We’re a long way from 35mm film strips and scissors.
In the grand scheme of things, it’s not huge news to report that one of the legacy non-linear editor systems might be for sale. Yet, with so much of digital video editing history being crammed into the last few decades, this news is certainly worth paying attention to for any industry-altering ramifications.
According to a recent Reuters report, AVID Technology Inc. is working with Goldman Sachs Group on a potential sale and has asked for bidding offers from interested parties.
Of course, while this doesn’t guarantee a sale is on the way, it is at the very least quite interesting news indeed. As one of the most famous—and professionally trusted—video editing software on the market behind perhaps more feature films than any other platform, there’s plenty to explore in terms of what this might eventually mean for the video editing landscape.
The History of AVID Media Composer
AVID, the company, was founded back in 1987, the AVID Film Composer software was first introduced in 1992 as the first non-linear digital editing system to capture and edit natively at 24fps. (Also, fun fact, the first feature film to be edited on AVID was Martha Coolidge’s Lost in Yonkers in 1993.)
With a simplistic user interface to start, AVID has evolved over the years to keep up with the digital editing landscape as well as allow for both offline and online editing, including notable updates for uncompressed standard definition, high definition, 2K, and 4K editing and finishing over the years.
First on Mac, then on Windows, AVID became the dominant NLE system in the film and television industry by the mid-to-late 1990s and has been used to edit major motion pictures as recently and as big as Top Gun: Maverick and Avatar: The Way of Water.
Currently AVID offers four versions of its Media Composer with its freeware version, its legacy Media Composer, a Media Composer Ultimate, and a Media Composer Enterprise, and the software can be used standalone or with other external I/O devices both offered by AVID or third party manufacturers.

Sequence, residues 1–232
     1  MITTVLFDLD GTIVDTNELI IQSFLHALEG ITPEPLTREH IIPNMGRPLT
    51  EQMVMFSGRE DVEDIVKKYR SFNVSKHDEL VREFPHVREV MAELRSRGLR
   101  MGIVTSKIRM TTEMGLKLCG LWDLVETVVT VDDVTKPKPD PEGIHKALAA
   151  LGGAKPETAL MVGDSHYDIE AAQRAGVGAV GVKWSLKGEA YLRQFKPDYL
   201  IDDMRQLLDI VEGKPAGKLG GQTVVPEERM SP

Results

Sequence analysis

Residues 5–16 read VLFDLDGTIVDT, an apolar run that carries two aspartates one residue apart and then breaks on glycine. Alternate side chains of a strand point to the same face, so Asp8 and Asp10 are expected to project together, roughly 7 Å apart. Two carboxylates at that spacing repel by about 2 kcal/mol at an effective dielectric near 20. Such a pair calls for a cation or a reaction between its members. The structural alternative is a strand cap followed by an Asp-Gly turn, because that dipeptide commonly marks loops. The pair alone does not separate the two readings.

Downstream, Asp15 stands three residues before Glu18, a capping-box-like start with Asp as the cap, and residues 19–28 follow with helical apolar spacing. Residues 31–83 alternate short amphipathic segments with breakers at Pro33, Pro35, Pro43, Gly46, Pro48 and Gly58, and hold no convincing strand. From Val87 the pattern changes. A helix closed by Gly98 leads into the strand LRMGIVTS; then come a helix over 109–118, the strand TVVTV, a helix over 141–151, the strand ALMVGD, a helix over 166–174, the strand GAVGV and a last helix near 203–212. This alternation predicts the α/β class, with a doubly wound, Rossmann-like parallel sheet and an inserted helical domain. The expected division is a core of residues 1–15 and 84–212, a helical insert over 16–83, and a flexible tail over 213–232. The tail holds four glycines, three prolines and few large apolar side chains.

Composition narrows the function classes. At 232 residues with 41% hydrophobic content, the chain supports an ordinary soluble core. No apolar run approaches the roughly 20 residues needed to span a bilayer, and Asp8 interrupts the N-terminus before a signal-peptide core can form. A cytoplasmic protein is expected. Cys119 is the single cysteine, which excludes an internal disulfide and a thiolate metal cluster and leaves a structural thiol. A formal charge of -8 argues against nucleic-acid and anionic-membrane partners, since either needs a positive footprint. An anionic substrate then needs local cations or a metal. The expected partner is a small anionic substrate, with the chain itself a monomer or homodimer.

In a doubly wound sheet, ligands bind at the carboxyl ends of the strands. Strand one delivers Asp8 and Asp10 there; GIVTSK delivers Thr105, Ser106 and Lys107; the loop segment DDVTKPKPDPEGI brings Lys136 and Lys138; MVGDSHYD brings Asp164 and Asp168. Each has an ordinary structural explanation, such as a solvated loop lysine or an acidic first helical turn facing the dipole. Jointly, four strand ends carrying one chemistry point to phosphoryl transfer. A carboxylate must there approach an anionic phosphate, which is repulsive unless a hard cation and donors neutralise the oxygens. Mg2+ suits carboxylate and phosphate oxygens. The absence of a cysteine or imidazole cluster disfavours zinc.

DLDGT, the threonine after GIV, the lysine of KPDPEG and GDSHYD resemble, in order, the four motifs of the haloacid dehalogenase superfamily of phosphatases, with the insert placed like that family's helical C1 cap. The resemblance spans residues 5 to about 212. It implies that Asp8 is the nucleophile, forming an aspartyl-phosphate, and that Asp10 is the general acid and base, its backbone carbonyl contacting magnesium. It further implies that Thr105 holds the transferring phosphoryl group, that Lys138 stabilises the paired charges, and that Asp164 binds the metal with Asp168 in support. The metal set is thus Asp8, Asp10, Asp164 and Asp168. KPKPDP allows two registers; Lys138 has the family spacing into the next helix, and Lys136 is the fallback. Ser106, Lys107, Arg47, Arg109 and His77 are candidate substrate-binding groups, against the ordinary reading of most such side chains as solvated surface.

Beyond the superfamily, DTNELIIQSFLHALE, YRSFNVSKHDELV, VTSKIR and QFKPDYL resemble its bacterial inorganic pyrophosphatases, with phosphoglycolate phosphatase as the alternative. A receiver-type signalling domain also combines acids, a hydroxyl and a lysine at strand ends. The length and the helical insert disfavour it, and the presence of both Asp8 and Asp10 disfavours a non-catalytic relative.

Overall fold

The Current NLE Landscape
While AVID might be the most famous and noteworthy video editing software, NLEs like Adobe Premiere Pro, Apple Final Cut Pro, and Blackmagic DaVinci Resolve have all joined the scene leaving the landscape as diverse and wide-open as ever. In particular, Adobe’s Premiere Pro with its compatibility with the rest of the apps in its Creative Cloud may have overtaken AVID as the most popular video editing software on the market.
Yet, many video editors and professionals who have worked in the industry for a decade or more can attest, AVID remains a popular staple with the higher-end video editing crowd, particularly with the mainstream film and television set.
However, with a younger, more self-taught generation of film and video pros still on the rise, many new users are flocking towards the more more-easily-useable apps like DaVinci Resolve and even the latest versions of Final Cut Pro, which you can now use on an iPad (if that’s your thing).
What Will the Future Hold?
What’s most interesting about this news isn’t just that AVID might be for sale itself, but rather who might end up acquiring AVID and its NLE technologies.
Those who have been around long enough to remember can attest that editing software like DaVinci Resolve and Final Cut was not originally developed by their current parent companies. Both were acquired by Blackmagic and Apple respectively at one point, and the same could eventually happen to AVID.
With Reuters also reporting that AVID’s share price jumped 18 percent after news of the potential sale was announced, investors and speculators seem to agree that the acquisition of AVID could be quite lucrative for the right company.
Could we see Adobe swoop in and eliminate its biggest legacy competition? Could Apple acquire another NLE and combine its best parts with the best features of Final Cut Pro?
There’s a lot to be seen, but rest assured—if this sale goes through—the NLE landscape could change drastically.
Who would you want to possibly see acquire AVID? How do you think things might shake out? Let us know your thoughts in the comments below.